Demographic characteristics of the respondents are listed in table 1. Most of the pharmacists were from hospitals (62.4%) and had worked in an outpatient and ambulatory setting (54.7%). Women represented 88.9% of the total respondents; 53% of the respondents’ age ranged between 26 and 30 years, with a mean age of 28 years. The majority of the respondents had between 1 and 5 years (67.5%) of overall working experience with a mean work experience of 4.4 years. As for the number of years of working at their current institution, a mean of 2.4 years was recorded, with 70.1% of the pharmacists having worked at the current institution for 1–5 years. More than half of the pharmacists (54.7%) reported more than 10 medication errors (including near misses) in 12 months’ time, whereas only 22.2% did not report any medication error.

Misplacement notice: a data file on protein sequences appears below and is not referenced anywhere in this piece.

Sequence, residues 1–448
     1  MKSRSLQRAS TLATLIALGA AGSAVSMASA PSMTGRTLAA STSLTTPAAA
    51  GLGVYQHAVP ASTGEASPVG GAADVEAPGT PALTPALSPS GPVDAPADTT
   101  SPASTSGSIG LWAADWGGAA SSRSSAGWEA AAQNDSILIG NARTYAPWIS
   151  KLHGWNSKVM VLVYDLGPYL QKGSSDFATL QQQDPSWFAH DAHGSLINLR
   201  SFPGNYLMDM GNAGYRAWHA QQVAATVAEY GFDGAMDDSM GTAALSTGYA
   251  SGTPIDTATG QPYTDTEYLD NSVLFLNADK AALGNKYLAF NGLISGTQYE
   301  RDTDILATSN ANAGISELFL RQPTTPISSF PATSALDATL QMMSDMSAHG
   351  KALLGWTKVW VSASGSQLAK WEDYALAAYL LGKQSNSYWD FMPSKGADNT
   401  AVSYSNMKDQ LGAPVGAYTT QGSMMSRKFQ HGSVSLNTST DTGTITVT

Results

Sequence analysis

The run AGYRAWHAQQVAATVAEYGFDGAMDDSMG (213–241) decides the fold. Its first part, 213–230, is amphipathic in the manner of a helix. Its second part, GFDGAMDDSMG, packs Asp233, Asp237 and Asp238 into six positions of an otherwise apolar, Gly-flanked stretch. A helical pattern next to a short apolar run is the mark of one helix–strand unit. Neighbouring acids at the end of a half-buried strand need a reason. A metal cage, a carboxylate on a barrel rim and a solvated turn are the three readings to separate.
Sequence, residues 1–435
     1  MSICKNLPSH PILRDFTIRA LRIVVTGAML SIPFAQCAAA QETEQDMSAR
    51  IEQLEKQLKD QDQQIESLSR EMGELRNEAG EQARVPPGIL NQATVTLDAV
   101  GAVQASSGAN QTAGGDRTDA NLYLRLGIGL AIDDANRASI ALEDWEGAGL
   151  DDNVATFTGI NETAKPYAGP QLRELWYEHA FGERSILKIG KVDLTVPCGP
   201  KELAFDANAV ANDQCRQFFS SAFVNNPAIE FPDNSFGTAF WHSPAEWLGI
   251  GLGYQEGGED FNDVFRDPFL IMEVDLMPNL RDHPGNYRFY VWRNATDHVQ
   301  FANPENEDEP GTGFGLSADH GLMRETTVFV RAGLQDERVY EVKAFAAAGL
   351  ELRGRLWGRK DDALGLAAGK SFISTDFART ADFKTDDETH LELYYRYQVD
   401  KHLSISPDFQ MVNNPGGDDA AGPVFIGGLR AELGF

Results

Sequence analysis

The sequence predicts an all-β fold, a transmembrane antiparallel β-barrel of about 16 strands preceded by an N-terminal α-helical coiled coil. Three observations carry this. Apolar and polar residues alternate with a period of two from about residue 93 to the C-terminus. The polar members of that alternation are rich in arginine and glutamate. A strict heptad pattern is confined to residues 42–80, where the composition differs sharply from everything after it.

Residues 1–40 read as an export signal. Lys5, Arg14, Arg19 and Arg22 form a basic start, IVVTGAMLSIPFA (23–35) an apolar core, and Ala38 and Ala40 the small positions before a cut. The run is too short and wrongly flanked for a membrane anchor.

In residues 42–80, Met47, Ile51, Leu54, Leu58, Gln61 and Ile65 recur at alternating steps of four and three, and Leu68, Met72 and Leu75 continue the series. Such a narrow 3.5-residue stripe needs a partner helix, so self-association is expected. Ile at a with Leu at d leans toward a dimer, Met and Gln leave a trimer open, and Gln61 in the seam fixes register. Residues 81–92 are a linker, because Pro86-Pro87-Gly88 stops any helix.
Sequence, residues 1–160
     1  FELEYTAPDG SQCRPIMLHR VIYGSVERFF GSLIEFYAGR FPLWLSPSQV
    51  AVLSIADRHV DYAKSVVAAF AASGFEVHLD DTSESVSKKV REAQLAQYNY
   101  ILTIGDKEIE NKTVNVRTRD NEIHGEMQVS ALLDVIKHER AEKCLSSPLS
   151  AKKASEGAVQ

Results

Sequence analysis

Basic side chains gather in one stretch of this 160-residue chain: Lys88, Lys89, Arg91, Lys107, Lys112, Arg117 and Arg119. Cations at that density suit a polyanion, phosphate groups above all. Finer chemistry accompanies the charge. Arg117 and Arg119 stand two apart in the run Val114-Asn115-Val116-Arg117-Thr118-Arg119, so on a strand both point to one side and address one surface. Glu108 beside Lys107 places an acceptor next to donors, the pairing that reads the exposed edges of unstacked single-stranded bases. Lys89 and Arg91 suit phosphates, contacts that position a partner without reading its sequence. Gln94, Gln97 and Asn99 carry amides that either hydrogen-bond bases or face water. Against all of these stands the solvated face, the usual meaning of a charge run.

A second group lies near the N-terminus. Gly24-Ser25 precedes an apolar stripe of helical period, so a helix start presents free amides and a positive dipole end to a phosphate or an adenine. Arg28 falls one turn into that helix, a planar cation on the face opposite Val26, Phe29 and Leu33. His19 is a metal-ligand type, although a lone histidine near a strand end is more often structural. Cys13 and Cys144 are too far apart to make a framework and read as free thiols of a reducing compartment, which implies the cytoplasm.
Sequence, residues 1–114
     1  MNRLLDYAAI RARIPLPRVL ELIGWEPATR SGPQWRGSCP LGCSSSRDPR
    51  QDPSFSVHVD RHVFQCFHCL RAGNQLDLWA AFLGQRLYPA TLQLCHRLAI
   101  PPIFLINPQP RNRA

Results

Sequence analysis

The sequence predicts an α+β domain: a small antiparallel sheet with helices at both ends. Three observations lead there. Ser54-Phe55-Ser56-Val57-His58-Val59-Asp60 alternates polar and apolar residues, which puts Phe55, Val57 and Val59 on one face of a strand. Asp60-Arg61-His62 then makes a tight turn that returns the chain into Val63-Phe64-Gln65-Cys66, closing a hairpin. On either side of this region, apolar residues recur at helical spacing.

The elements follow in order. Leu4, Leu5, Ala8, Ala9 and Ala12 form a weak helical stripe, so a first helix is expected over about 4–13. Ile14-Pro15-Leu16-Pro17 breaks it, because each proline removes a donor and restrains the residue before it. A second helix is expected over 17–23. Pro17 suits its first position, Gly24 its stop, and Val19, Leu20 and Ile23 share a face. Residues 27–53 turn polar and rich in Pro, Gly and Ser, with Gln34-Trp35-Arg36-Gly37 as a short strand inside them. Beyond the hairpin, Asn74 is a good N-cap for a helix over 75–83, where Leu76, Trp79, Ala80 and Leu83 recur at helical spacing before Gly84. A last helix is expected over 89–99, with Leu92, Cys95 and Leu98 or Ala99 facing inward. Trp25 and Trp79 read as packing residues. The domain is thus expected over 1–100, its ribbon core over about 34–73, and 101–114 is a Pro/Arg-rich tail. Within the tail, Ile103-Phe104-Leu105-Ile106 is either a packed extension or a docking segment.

Table 1

Demographic characteristics of respondents

Table 2 demonstrates pharmacists’ perceptions towards each safety culture domain and the respective scoring. The overall safety culture domains’ mean score ranged from 31.7 to 98.3 with a mean of 65.6±11.0. The stress recognition domain received the highest mean score among pharmacists (73.0±20.4). In contrast, working condition was perceived as the least important domain, with the lowest mean score (54.8±17.4). In decreasing order, the percentage of pharmacists who held positive attitudes towards each domain was 58.1% (stress recognition), 46.2% (job satisfaction), 38.5% (teamwork climate), 33.3% (safety climate), 29.9% (perception of management) and 15.4% (working condition).

Table 2

Pharmacists’ perception of safety culture

Demographic characteristics that influence safety culture and number of medication errors reported

Table 3 shows the demographic predictors of overall safety culture positive scores. After adjusting for age, gender, working units, total years of work experience and current work experience, pharmacists working in health clinics were 3.7 times more likely (p=0.006) to have overall safety culture positive scores than those working in the hospitals (OR 3.68 CI 1.44 to 9.38).

Table 3

Demographic predictors of overall safety culture positive scores